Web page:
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Kolk Award in 1964. In 2000 he received the American Society of Mechanical Engineers (ASME) R. Tom Sawyer Award. This award recognizes important and lasting contributions to the gas turbine industry. Martin had 18 patents and authored several journal papers. He was a fellow of ASME and SAE.

In 1994 Martin and his wife, Ann, established an endowed scholarship and fellowship for engineering students at the University of Nebraska, Lincoln. The university named an engineering lecture hall in their honor. In 2000 the university awarded Martin its Outstanding Alumnus Award for demonstrating ethics, community responsibility, and overall professional excellence.

Martin is survived by a son, John, and a brother, James. His wife, Ann, died in 1999. They were married for 53 years.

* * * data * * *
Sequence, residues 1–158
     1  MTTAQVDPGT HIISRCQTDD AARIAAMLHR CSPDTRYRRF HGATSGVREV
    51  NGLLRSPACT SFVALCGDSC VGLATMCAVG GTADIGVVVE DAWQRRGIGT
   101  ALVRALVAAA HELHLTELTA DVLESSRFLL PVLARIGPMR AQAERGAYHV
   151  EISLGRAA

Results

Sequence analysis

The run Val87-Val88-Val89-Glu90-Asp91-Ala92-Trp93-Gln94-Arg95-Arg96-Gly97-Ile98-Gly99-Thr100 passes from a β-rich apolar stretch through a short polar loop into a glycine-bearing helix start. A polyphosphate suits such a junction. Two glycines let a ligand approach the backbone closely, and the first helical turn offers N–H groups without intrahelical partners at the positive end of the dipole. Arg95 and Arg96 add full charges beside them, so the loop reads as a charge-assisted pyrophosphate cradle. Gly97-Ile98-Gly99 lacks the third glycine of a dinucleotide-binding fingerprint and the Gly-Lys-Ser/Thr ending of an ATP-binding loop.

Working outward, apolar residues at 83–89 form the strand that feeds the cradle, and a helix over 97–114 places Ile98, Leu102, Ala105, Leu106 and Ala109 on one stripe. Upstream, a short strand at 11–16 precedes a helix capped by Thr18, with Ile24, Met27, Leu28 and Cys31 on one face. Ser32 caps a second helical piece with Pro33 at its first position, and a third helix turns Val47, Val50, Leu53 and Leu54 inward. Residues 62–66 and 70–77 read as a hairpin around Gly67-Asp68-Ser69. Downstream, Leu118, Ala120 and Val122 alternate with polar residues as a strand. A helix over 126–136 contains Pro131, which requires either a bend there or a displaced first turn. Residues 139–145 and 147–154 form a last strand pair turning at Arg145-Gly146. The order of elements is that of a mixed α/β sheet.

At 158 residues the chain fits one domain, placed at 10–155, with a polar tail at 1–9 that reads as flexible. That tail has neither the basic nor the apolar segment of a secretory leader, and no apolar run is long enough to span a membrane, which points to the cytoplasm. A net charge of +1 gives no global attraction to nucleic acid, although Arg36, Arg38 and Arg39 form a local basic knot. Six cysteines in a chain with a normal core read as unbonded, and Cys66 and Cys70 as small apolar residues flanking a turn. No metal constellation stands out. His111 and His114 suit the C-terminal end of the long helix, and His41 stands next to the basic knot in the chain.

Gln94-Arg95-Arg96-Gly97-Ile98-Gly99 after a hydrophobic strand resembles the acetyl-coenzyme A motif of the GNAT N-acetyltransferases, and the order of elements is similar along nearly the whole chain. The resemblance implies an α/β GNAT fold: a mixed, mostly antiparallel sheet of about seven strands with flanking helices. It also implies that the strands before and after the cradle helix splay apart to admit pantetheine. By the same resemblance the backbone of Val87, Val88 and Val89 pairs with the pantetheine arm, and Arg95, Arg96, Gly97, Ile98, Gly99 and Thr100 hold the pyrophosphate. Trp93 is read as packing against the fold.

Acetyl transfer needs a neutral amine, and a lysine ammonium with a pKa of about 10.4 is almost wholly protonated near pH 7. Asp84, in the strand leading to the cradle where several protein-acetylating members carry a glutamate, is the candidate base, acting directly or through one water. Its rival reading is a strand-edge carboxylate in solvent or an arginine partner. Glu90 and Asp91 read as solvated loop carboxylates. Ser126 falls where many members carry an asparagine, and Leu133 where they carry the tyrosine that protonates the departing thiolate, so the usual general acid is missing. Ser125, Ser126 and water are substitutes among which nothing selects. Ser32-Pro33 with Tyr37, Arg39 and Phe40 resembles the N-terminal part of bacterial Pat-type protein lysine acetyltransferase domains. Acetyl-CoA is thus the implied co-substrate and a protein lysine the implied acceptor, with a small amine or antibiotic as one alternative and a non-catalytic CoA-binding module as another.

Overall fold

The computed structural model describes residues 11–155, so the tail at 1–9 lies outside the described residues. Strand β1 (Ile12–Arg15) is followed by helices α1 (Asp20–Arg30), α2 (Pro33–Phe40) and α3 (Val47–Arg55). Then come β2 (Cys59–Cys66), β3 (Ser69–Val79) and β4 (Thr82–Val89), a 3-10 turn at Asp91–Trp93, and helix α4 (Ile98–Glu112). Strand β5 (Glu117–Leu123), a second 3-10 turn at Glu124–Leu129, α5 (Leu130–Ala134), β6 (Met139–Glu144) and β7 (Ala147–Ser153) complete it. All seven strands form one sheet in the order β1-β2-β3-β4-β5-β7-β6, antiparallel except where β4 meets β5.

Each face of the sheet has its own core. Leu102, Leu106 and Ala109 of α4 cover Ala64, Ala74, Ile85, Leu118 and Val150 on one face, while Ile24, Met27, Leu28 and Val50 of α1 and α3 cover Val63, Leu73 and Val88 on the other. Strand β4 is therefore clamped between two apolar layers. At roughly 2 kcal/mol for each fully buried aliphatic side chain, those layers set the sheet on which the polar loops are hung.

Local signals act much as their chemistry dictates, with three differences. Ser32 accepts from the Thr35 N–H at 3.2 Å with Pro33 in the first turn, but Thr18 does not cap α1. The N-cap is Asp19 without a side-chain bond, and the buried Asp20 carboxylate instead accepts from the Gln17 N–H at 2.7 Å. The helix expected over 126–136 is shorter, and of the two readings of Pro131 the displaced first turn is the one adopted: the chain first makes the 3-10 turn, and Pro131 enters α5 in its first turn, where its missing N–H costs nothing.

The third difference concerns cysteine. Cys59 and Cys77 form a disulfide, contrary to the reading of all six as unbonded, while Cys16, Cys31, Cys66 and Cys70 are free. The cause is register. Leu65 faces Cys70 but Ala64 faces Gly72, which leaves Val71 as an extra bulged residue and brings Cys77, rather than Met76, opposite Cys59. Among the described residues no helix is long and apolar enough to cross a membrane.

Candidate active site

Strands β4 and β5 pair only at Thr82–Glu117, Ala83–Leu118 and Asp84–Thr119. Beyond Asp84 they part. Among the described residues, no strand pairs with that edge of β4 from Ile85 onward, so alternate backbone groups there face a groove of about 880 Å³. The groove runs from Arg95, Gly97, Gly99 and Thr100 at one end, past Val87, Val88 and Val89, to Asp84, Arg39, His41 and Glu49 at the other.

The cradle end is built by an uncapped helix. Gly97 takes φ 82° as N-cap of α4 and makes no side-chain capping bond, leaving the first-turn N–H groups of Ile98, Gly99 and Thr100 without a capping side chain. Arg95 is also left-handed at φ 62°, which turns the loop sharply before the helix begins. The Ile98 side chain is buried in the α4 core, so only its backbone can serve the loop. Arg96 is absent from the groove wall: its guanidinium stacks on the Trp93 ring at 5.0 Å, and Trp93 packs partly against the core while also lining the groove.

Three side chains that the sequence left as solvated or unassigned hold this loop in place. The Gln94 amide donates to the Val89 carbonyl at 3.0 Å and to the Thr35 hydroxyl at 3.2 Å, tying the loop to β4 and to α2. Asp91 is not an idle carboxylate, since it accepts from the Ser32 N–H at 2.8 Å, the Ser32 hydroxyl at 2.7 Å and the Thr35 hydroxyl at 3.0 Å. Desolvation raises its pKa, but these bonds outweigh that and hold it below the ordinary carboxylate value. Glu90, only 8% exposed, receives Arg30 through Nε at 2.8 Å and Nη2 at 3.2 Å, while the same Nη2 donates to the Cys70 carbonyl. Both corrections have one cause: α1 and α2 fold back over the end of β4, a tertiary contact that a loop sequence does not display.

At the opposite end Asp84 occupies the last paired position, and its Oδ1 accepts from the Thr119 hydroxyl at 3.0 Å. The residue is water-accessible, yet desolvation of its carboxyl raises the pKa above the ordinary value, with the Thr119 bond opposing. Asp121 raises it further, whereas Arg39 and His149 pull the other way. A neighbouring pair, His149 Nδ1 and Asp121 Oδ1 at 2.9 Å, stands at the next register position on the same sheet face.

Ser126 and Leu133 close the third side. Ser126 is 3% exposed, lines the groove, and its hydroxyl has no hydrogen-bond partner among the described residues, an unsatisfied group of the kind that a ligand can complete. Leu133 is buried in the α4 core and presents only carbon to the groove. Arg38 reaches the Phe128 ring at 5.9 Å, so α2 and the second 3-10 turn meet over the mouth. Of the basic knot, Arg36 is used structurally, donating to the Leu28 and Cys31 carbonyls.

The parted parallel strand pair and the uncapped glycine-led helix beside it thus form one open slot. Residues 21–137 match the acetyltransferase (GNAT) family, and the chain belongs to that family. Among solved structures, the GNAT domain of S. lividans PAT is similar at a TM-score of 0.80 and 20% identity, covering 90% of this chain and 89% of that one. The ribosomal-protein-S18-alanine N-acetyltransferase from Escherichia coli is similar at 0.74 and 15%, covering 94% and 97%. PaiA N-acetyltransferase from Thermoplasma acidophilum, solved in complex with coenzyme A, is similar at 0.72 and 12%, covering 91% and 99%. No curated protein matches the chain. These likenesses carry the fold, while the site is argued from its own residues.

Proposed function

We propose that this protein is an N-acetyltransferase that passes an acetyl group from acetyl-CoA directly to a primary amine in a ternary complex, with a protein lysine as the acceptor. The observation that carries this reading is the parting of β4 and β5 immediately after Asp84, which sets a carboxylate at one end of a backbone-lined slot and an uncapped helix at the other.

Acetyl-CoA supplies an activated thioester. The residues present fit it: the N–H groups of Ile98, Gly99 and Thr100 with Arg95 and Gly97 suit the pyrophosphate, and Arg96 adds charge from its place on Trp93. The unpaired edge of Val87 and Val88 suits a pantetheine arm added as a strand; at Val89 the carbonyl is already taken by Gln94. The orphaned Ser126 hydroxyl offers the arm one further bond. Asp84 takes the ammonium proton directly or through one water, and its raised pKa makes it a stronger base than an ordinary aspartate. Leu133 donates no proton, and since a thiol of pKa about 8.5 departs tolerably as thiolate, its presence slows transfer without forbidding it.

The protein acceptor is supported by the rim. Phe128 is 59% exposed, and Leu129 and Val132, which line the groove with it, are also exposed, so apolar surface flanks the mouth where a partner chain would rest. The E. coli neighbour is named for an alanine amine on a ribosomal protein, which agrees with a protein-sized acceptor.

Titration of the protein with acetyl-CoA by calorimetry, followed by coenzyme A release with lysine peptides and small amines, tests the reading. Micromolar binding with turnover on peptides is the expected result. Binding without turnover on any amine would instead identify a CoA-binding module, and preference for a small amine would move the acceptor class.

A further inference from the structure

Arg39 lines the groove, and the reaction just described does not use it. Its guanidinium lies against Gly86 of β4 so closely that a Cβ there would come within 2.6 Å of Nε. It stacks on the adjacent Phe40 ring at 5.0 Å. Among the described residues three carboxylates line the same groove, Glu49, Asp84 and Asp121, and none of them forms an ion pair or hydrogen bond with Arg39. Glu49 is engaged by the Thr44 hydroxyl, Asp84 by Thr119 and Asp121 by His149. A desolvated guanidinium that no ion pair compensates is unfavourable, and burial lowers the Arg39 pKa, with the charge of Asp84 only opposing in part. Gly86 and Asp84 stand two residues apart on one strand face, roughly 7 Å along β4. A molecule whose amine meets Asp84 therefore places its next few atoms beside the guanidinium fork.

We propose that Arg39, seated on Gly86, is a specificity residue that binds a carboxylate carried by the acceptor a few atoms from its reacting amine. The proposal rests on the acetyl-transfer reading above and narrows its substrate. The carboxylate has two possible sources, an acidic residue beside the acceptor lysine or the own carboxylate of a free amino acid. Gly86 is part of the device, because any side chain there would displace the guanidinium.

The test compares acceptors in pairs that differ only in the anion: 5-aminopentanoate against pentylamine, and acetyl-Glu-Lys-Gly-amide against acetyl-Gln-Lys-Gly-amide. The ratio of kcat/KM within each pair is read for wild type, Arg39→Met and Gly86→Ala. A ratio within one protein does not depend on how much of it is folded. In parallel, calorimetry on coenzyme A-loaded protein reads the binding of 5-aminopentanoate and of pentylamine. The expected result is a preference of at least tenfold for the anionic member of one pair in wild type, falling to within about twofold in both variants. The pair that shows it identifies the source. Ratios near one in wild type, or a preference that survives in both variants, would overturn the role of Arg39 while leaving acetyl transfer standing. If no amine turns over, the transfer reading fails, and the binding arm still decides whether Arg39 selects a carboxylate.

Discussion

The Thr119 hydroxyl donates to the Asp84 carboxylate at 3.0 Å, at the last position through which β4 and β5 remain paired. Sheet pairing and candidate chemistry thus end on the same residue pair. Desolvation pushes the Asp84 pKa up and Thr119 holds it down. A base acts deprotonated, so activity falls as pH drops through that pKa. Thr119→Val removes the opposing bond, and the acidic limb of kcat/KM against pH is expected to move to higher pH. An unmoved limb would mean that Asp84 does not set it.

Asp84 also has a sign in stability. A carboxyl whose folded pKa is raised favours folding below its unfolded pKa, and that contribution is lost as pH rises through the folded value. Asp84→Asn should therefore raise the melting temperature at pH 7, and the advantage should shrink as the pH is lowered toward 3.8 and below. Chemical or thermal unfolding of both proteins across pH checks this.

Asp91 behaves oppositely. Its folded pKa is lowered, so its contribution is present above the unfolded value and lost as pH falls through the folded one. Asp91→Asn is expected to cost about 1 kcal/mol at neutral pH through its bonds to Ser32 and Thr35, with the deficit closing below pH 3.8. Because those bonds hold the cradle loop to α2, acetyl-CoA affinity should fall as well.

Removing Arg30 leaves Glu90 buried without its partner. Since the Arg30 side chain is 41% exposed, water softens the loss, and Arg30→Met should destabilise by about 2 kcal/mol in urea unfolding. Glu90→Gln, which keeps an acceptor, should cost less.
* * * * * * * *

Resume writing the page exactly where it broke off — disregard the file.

Martin was an exceptionally skilled engineer and an outstanding engineering leader. During a career that spanned six decades, he witnessed and directly participated in the explosive growth of aircraft jet propulsion from its earliest days. He was an important contributor to this spectacular progress. As a result, he was renowned and respected throughout the industry for his expertise and many innovations.

At GEAE he was similarly highly esteemed for his engineering excellence and for his very appreciable impact on the success and growth of the GEAE business. He was also highly esteemed for his always great enthusiasm, geniality, and abiding gentlemanliness. He was universally known as Marty by all of his associates. To generations of GEAE engineers, he was a role model and a valued adviser and mentor. To all of the many GEAE persons who enjoyed the opportunity of working with him, Marty is always fondly remembered as “The Chief Engineer.”

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